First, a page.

Risk Update – February 2020

Concerns about the economic and financial implications for the spreading Corona Virus pandemic finally cracked the markets seemingly unshakeable complacency. In the last several days of the month, stock markets globally turned off their recent highs (historical highs in many cases) and fell sharply, right into the last day of February. This resulted in sharp and fast rises in the two risk factors that matter the most to any diversified portfolio, volatility and correlation. Our Volatility / Correlation “Comet” in Figure 1 shows the jump in those two factors (big white dot) on February 28th, 2020. We also highlight (slightly smaller white dots) the two most recent jumps in vol and correlation from February 5th, 2018 (the XIV stop out) and December 24th, 2018. It is clear to see in the pretty picture that this shock is right on the threshold of where past end-of-cycle unwinds have been triggered. Is this that time things keep going and we get the unwinding of the unprecedented build-up of risk in the system, or is this just another buy-the-dip opportunity like in early and late 2018?

Figure 1: SPX Volatility & Correlation Comet
Source: JP Morgan, Convex Strategies

Of course, we will only know in hindsight, but we do have a few obvious points that can be made. Most particularly, while it looks impressive on the old Comet picture, what has happened thus far through February is really nothing much in terms of leverage/short vol unwinding. Here are some simple pictures to give some perspective. In each case we show a chosen volatility price with a start date of 2015 through to the end of February 2020 and then another one with a start date of 2005 through to the end of February 2020. It gives a great perspective! On the shorter period, after the compressing vols over that five year period, it looks like what just happened in the mere last week of February was quite a decent unwind. However, when we look at the fifteen year period, it gives a very different perspective. That perspective, and the gist of this note, is: If this is the end-of-cycle unwind, there is a whole bunch more to go!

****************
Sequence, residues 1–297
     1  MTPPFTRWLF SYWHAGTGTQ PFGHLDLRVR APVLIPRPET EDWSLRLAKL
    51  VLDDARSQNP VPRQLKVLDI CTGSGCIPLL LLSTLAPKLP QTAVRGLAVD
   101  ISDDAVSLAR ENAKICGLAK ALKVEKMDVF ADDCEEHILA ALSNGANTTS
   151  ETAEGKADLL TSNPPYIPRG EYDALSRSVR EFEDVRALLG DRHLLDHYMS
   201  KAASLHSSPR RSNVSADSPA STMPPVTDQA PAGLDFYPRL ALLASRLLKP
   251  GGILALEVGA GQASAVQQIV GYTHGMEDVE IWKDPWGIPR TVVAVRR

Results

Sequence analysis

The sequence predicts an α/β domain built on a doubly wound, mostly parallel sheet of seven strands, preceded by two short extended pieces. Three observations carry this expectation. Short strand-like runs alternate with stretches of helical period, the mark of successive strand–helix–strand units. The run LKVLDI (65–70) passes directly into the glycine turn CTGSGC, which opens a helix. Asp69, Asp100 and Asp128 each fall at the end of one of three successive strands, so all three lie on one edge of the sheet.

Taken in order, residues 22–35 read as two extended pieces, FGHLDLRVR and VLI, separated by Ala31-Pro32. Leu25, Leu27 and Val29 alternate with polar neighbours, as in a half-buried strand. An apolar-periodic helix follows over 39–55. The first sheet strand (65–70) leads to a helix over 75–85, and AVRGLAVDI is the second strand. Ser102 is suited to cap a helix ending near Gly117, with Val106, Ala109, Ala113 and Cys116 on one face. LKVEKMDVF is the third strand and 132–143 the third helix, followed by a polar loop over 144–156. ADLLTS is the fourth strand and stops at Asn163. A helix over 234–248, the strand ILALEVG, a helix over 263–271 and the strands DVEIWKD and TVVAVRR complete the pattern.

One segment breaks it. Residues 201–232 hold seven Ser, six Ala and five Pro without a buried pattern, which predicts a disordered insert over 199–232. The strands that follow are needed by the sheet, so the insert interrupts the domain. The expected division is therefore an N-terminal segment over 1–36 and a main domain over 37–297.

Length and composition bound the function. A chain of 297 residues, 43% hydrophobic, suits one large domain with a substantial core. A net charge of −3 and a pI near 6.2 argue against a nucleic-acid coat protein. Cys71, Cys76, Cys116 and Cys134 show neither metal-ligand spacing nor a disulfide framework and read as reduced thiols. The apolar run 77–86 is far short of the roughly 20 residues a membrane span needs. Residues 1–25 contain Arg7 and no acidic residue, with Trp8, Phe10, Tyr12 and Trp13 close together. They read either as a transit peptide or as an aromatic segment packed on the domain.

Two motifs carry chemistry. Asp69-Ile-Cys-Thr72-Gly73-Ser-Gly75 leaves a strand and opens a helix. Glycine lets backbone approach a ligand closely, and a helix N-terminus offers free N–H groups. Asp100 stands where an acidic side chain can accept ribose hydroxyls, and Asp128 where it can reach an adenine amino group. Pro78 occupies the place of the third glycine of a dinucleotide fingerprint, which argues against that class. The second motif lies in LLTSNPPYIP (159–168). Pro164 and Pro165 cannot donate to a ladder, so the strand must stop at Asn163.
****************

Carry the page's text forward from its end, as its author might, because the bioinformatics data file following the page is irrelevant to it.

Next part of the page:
Figure 2: 6th VIX Future Contract (UX6) Five Year View
Source: Bloomberg
Figure 3: 6th VIX Future Contract (UX6) Fifteen Year View
Source: Bloomberg
Figure 4: USD/JPY 1yr Implied Vol Five Year View
Source: Bloomberg
Figure 5: USD/JPY 1yr Implied Vol Fifteen Year View
Source: Bloomberg
Figure 6: MOVE US Interest Rate Vol Index Five Year View
Source: Bloomberg
Figure 7: MOVE US Interest Rate Vol Index Fifteen Year View
Source: Bloomberg